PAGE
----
• clogged drain
    Life

    A Monster In The Drain

    I. I came home from a Disney World vacation to a clogged drain. It was in the kitchen. I ran the disposal a few times and noticed the water came rising back like a water zombie (Do water zombies exist? I need to look into this). I kept trying to see if the disposal would eventually force whatever clogged the drain but the water returned all the same. Putting my Sherlock hat on, I noticed little tiny white pieces of rice rose out of the drain. So I figured somehow, someone shoved a little too much rice down the drain. It seemed ridiculous. How much rice does it take to…

  • structure
    Writing

    Fooled by Mr. Keating: Embracing Plot Structure

    Previously, I wrote about how I defied rules and structure in my writing in Fooled by Mr. Keating. Some might call this style “post-modern” writing and I certainly had my head entrenched in that school of thought. It was not to my benefit. I think it makes sense to dig a little deeper. Let’s talk about plot structure in fiction writing. Before we get into it, I want to make clear no potential genre novelist wants to be a post-modern writer. Why not?

  • writing
    Writing

    Fooled by Mr. Keating (How I Learned to Love Structured Writing)

    The Dead Poets Society is one of my favorite movies of all time. Even as a young kid I remember enjoying it. Robin Williams performance as Mr. Keating electrifies the drama, bringing passion and heart to a story which could have fallen flat. In the movie, Mr. Keating has several iconic scenes which argue against stale, passionless writing, but rather encourages all artists to not be bound by rules or structure. In essence, Keating’s message to his students and to the audience is: Be free.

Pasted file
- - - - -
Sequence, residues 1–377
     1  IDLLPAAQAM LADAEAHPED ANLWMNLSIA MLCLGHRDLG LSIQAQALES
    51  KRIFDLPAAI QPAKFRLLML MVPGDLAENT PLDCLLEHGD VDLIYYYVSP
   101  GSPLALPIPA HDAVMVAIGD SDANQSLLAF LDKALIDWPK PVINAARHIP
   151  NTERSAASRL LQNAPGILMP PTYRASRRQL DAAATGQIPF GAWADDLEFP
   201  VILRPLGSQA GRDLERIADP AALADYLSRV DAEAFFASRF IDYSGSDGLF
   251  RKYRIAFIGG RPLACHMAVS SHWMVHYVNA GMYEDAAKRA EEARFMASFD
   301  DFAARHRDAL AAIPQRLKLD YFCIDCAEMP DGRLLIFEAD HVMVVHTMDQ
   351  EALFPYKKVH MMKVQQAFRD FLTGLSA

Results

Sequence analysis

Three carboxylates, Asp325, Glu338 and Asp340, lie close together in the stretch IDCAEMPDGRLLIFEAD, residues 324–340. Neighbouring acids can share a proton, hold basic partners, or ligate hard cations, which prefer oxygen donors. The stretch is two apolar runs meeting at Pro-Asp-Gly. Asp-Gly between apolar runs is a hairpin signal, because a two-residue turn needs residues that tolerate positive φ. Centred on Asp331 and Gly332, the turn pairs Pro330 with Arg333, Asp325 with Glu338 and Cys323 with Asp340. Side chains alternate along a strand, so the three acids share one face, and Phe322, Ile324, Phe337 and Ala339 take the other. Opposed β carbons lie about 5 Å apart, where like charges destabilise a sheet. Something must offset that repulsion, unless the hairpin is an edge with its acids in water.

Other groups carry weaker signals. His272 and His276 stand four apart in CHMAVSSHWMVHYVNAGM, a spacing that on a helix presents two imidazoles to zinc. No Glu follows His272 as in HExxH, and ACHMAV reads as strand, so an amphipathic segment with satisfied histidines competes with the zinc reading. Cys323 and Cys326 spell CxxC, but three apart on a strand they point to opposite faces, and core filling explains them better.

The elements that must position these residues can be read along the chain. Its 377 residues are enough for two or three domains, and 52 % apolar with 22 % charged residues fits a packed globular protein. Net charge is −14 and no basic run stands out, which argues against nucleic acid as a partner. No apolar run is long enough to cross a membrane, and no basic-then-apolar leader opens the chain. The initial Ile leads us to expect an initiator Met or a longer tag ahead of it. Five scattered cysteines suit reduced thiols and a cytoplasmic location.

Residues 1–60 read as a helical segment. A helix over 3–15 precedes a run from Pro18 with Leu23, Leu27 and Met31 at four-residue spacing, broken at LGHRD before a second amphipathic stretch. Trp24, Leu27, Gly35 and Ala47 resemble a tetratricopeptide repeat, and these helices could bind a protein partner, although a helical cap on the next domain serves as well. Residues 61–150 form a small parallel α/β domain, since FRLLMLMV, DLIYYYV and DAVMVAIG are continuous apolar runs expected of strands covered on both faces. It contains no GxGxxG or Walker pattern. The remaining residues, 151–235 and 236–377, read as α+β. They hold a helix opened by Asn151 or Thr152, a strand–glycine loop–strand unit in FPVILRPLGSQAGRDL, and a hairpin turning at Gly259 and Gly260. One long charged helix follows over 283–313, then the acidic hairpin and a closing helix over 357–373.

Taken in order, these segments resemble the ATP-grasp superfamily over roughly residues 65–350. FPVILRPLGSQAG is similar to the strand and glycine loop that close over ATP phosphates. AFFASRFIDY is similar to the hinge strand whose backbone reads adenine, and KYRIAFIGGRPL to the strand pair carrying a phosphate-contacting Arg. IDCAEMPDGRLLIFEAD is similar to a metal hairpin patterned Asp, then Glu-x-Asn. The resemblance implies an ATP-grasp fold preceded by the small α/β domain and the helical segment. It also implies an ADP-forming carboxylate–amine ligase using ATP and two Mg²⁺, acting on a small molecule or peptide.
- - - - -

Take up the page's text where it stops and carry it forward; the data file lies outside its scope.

• Film,  How To

    Do the Twist

    Everybody loves a twist ending. They make for fun, interesting, and satisfying stories, and usually make you think about a story well after you’ve finished it. Of course, stories with twist endings can wear out their welcome (see: M. Night Shyamalan), but for the most part people love a good twist. YouTuber Wolfcrow breaks down how to create a twist ending in six steps in his video, using a Yin/Yang paradigm. It’s a basic formula that he doesn’t dive too deeply into but gives you the bare essentials to get started. If you’re looking to write a story with a twist, then this video will help get you started.

  • writing
    Journal

    Sleepless

    I woke up around 4:00 AM this morning and couldn’t get back to sleep. This is rare. The below zero temperatures and the short days must be messing with my head. It seems like this is becoming a common thread each year. Hopefully, I don’t get that nasty virus like I did last year. No one wants to endure that. Since I couldn’t sleep, I read the rest of Song of Susannah by Stephen King. Now I’m left with that enduring question bringing too much opportunity into the mix: What should I read next? I’ll come up with something. Probably something short. And scary.